OBJECTIVES: In addition to the acid-stimulatory gastrins, progastrin also release N-terminal fragments. In order to examine the cellular content, secretion and peripheral metabolism of these fragments, we developed an immunoassay specific for the N-terminal sequence of human progastrin.
RESULTS: The concentration of N-terminal progastrin fragments in human antral tissue was 6.7 nmol/g tissue (n=5), which was only half of that of acid-stimulatory gastrins (12 nmol/g tissue). Gel chromatography of antral extracts showed that the progastrin fragment 1-35 and 1-19 constitute the major part of the N-terminal progastrin fragments. The basal concentration of N-terminal fragments in normal human plasma was almost 30-fold higher than that of the amidated, acid-stimulatory gastrins (286 pmol/l versus 9.8 pmol/l, n=26, P<0.001). In contrast, the concentration of N-terminal fragments in hypergastrinemic plasma was only 2.7-fold higher than the concentration of amidated gastrins (540 pmol vs. 198 pmol/l, P=0.02). During meal stimulation, the plasma concentrations of N-terminal progastrin fragments and amidated gastrins increased in a correlated manner (r=0.97, P=0.005). The half life for progastrin 1-35 in circulation was 30 min, and a pig model revealed the kidneys and the vasculature to the head as the primary sites of degradation.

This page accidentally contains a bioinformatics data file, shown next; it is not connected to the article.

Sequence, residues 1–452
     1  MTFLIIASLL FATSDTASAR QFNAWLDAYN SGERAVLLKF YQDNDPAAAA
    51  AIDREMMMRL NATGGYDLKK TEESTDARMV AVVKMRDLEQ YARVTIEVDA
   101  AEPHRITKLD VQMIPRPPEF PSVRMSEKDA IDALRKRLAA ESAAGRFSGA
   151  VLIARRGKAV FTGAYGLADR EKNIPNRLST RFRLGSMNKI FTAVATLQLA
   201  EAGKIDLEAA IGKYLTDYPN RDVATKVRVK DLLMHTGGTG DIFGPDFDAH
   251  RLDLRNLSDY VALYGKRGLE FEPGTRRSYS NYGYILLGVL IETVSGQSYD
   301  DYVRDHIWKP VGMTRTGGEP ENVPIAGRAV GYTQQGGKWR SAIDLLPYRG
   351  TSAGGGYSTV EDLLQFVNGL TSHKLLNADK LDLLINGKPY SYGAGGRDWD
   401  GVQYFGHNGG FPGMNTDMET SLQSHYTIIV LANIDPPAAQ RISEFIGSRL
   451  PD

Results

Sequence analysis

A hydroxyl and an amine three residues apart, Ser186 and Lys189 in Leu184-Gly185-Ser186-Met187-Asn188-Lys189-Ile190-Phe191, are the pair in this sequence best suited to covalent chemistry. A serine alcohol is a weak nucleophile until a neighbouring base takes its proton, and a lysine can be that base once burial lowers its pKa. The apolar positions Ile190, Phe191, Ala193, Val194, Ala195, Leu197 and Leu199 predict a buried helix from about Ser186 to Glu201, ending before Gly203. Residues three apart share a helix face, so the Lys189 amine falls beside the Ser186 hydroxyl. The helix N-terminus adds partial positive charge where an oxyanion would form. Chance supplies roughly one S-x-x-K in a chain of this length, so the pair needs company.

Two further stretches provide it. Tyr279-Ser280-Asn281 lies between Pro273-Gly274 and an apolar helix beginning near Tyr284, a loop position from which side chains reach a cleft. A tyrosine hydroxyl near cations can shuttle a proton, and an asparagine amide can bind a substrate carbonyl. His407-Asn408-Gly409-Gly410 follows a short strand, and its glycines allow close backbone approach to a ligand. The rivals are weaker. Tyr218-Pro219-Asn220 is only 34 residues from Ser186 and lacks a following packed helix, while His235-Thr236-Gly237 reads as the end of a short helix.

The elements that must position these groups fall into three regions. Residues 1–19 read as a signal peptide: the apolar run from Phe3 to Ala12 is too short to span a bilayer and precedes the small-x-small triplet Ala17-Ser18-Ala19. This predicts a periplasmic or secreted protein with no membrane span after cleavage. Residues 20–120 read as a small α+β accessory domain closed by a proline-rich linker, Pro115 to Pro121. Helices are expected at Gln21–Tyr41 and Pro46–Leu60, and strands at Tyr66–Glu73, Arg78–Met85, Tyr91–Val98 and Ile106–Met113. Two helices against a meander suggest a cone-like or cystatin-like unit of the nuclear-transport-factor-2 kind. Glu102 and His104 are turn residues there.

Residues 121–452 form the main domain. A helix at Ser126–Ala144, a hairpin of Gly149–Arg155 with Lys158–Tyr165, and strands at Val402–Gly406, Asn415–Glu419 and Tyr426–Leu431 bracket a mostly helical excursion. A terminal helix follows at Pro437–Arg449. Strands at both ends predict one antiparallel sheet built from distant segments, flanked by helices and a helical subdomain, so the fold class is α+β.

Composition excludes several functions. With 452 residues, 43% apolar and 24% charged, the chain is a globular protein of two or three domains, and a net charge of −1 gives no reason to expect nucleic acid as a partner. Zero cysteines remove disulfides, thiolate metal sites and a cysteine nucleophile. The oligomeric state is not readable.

CONCLUSION: The cellular and circulatory concentration profiles of N-terminal progastrin fragments differ markedly from those of the acid-stimulatory gastrins. The high basal plasma concentrations of N-terminal progastrin fragments cannot be explained by differences in elimination.
|Status||Udgivet - 15 jan. 2006|